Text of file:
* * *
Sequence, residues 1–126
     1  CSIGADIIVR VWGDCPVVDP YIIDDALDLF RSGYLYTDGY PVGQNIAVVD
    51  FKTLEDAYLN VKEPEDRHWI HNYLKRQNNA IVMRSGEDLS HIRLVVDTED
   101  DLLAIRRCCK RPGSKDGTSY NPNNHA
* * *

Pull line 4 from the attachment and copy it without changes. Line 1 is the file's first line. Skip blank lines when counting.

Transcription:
   101  DLLAIRRCCK RPGSKDGTSY NPNNHA